Show puts `Hands' across Baltimore

Works go on walls, ride around on buses

November 21, 2003|By Jonathan Pitts | Jonathan Pitts,SUN STAFF

Thousands have no doubt seen them by now - those cryptic, billboard-sized images of a human hand fastened to the exteriors of the Baltimore Museum of Art, the Walters Art Museum and the Contemporary Museum.

The creator of the series, Untitled (For Jeff), the late conceptual artist Felix Gonzalez-Torres, left little indication as to how viewers should interpret his monumental black-and-white image. And, thanks to a new, related public-art exhibition, Hands On, which opens across Baltimore today, millions of drivers, bus riders and pedestrians may well come to regard the function of art itself as a similarly open proposition.

In conjunction with the Baltimore Office of Promotion and the Arts, the three museums recently asked 18 local artists to create original visual works that might, in the words of the Contemporary's Leslie Shaffer, "provide further access to Gonzalez-Torres [for] the community." Organizers asked for pieces that would incorporate images of a hand or hands. The works would also have to be adaptable to dimensions of 18-by-54 inches: That way, they could not only be displayed in the Contemporary Museum, where Hands On officially opens at 5:30 p.m. today, but also be reproduced on polystyrene and mounted on Maryland Transit Authority buses, where, for the next two months, they will be traveling the streets of Baltimore.

"It's a great opportunity to have your work seen outside galleries," says Juan Castro, who contributes an image from his photographic series, Sacred Sites. "I like the idea of everyday people, getting on the bus or walking down the street, just experiencing art."

Castro, a photography teacher at Towson High School, sounds almost like an acolyte of Gonzalez-Torres, the Cuban-born artist known for democratizing art by bringing it into public spaces. Gonzalez-Torres' work appeared in a variety of settings, including urban billboards on three continents.

Shaffer is "astounded" by the diversity of the work in Hands On, which includes representational and abstract art, color and black-and-white imagery and approaches ranging from weighty to the whimsical. "Considering [the artists] only had three weeks to create and digitize everything," she says, "the work is remarkable."

None had to know or echo the work of Gonzalez-Torres. Each artist, in fact, conjured unique impressions from the essential idea of the human hand.

The process challenged Nick Barna, a Maryland Institute College of Art graduate who has done "guerrilla work" on local billboards. Barna normally favors objects and text over the human form, but as he imagined ways in which hands are used, he saw images of gathering and tossing. He and a collaborator, Anna Davis, shot digital pictures of a hand - Barna's, actually - dispensing colorful yarn, confetti and felt pieces, later cropping their selections to fit the "extremely horizontal" parameters of the assignment. Their entry features a hand with curled fingers that somehow suggests openness and appears to be scattering a spray of bright color. "It's vibrant and textured," says Barna, "It's only a hand, but it seems to give energy."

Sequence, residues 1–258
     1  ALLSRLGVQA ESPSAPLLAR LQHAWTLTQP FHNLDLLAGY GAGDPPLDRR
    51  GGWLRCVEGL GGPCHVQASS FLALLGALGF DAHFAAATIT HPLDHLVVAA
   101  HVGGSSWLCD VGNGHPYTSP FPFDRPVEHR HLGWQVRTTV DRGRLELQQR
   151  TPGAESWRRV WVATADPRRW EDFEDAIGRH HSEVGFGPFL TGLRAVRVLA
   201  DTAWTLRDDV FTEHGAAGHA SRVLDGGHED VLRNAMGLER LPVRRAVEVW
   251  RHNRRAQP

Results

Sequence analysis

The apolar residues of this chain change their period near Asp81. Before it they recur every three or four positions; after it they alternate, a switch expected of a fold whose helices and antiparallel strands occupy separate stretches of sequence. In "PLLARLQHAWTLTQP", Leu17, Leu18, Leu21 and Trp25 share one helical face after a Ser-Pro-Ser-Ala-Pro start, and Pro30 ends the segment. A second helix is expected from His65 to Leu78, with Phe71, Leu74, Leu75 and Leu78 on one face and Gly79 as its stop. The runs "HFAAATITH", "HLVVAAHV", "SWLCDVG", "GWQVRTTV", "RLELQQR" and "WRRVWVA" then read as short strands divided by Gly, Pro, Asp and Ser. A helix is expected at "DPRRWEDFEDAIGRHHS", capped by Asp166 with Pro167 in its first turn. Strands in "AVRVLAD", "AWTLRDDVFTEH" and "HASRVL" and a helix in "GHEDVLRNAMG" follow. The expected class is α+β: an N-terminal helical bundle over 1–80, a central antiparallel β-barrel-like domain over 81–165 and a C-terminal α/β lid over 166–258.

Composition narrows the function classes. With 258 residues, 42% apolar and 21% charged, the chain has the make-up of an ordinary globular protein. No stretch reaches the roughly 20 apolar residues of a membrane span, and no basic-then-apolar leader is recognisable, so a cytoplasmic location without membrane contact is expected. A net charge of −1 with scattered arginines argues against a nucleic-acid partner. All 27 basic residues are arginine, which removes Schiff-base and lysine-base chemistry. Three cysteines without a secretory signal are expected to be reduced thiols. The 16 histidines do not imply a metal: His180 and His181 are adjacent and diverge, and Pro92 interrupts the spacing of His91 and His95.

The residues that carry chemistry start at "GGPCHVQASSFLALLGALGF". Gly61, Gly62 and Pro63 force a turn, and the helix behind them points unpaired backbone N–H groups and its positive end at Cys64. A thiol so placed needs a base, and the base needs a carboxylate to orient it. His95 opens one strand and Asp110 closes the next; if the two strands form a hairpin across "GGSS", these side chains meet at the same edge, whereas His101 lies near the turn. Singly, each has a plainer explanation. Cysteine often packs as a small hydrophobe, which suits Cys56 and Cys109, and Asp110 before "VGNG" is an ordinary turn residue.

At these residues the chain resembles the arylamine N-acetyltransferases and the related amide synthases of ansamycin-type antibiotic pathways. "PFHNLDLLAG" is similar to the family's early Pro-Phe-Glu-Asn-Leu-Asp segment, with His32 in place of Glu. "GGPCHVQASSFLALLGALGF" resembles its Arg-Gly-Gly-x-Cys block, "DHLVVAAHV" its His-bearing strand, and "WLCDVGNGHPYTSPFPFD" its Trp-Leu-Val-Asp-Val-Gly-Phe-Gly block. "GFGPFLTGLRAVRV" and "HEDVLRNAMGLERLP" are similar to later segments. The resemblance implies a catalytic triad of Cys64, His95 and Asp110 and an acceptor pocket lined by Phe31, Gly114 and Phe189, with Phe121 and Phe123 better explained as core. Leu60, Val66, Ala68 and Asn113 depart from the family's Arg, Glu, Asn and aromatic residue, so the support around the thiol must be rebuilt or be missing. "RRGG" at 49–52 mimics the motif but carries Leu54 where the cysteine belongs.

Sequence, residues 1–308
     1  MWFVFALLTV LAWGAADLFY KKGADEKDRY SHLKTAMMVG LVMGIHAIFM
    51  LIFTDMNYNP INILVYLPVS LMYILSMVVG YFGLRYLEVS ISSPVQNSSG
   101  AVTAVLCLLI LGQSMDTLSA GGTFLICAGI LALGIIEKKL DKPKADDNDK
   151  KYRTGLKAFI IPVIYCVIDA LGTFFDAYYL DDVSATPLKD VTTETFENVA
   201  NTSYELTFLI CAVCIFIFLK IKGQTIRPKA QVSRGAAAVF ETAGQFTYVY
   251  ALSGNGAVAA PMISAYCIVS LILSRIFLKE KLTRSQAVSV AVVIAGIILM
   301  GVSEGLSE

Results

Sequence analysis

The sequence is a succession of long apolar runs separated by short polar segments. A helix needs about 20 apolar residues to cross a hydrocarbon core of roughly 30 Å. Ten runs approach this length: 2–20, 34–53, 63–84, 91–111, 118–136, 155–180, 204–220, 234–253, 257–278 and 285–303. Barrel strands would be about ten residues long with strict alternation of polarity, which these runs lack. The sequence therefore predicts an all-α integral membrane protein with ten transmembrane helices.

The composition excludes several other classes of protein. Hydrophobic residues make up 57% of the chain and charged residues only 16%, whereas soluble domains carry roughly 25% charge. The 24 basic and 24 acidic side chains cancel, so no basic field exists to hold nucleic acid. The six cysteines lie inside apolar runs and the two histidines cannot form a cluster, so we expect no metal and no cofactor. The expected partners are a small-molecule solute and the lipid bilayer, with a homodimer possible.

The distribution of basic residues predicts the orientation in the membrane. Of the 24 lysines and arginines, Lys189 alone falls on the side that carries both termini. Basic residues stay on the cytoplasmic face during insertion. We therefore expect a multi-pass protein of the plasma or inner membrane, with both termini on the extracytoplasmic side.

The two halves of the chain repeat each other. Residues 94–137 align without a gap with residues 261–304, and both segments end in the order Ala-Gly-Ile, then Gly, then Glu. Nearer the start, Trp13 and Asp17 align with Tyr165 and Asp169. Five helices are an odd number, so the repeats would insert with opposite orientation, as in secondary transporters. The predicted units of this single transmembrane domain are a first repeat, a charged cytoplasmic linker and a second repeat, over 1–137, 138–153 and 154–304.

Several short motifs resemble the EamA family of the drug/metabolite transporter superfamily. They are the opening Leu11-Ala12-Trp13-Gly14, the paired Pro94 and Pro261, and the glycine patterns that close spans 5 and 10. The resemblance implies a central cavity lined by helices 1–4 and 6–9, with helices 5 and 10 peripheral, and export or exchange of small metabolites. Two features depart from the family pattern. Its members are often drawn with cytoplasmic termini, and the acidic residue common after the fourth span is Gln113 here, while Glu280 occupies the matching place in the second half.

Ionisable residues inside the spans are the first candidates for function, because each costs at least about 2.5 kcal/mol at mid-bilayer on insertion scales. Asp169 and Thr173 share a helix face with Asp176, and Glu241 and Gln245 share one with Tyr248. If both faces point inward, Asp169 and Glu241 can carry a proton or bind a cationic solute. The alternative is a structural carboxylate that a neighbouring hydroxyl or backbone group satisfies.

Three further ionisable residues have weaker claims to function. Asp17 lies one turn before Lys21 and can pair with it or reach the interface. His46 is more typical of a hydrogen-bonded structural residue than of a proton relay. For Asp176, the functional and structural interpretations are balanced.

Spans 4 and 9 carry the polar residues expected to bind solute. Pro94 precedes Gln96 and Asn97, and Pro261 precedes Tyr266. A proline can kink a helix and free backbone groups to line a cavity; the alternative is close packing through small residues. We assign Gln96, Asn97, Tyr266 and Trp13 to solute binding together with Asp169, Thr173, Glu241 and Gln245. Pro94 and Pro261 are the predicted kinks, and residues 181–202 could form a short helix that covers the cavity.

Hands evoked a different meaning for Castro, who has long been at work on a series of photographs he calls Sacred Sites. Until he got the Hands On commission, he never knew how prominently hands featured in his explorations of hallowed landscapes, but finding a few helped him locate undercurrents in his own art. "In my work, the hand is there to give and receive," he says. "Someone might set up stones to create a sacred site, or leave a token to remember or [to] ask for healing." For his selection, he crops an image in a way that highlights one hand from a plastic statue of Mary.

Whatever their approach, the artists knew that displaying their work in public would open the experience of viewing. An MTA bus can follow any number of routes on a given day; between now and Jan. 31, there's no telling, says Shaffer, how many settings each will pass through. "Every place it goes, a work becomes something different," she says.

And that, ultimately, is the point: to broaden the public's sense of art and its meanings. Yes, Baltimore audiences can see the Hands On works at the Contemporary, where they'll be on display for the next two months, but they'll have their most potent effect along the streets and highways of Baltimore.

"If a work is in a gallery or museum," says Barnes, "there's a huge history and set of expectations. When you have a chance to experience it as it is, free from knowing who did it or what it's about, there's a chance to think, `Hey, is that cool?' or `Is that interesting?'

"To me, that's what matters about public art."

The public is invited to attend an opening reception for Hands On today, from 5:30 p.m. to 7:30 p.m. at the Contemporary Museum, 100 West Centre St., and to share responses to the project on its Web site,

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